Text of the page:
Daily Commentary BY THE CURVE TEAM –

Massive Week for Monetary Policy

6th of August, 2018

If there was ever an opportunity for the RBA to communicate a shift in the outlook for monetary policy, this week is it. With multiple communiques scheduled for release this week and the Governor delivering a key note speech, the platform is set for the RBA should they choose to use it.

The RBA Governor Philip Lowe has stressed on many occasions in recent times the risk to lowering the cash rate further outweighs the potential benefits it may bring. As such, he and the RBA more broadly have continued to push a cautiously optimistic outlook that gradually sees both growth and inflation meet the RBA’s mandate while maintaining financial stability.

Despite the RBA’s continuous reinforcement of the gradual improvement in the outlook and the fact the next move in the cash rate is likely to be up, hasn’t stopped the market discounting such a move. According to the latest market pricing, a hike by the cash rate isn’t fully priced in out until early 2020.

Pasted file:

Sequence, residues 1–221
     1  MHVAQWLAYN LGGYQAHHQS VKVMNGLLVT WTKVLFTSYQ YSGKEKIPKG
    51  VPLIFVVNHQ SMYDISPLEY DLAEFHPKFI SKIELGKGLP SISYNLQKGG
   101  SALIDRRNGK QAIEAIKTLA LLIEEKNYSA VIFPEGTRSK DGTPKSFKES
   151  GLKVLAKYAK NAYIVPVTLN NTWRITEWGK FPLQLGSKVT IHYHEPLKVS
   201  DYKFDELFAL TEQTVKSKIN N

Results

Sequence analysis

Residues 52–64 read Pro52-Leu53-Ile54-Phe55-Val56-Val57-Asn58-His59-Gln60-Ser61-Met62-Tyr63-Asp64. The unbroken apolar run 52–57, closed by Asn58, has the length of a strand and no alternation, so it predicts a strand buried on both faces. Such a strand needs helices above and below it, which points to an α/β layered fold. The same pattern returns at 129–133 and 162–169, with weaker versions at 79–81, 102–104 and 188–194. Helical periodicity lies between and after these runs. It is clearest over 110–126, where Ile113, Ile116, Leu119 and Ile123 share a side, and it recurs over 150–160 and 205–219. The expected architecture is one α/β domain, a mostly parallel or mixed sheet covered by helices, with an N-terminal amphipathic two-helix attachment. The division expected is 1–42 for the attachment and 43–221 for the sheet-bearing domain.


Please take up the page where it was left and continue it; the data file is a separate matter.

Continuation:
The market is clearly worried about the building headwinds that pose a threat to the RBA’s gradually improving outlook, something that has also been echoed by a number of other economists and market commentators.

Consumers are under increasing pressure with the latest Household Financial Comfort Report showing that households are becoming increasingly concerned with the cost of basic necessities and fuel. It also showed that almost a quarter of household have less than $1,000 savings in cash, leaving them vulnerable to any type of shock.

The risk to growth of a negative wealth effect from falling house prices is growing. The headwinds to the housing market are only just beginning and are expected to grow in intensity over the months and even years ahead. The real litmus test will be the coming spring period when activity is expected to pick up again.

While it is unlikely we will see the RBA do an about face on their current outlook over the course of this week, there is every chance we see a greater focus on the pressures building against their current outlook. Any change to their outlook due to these prevailing pressures will then be reflected in their updated forecasts contained in the Quarterly Statement on Monetary Policy due out on Friday.

David Flanagan

Director - Interest Rate Markets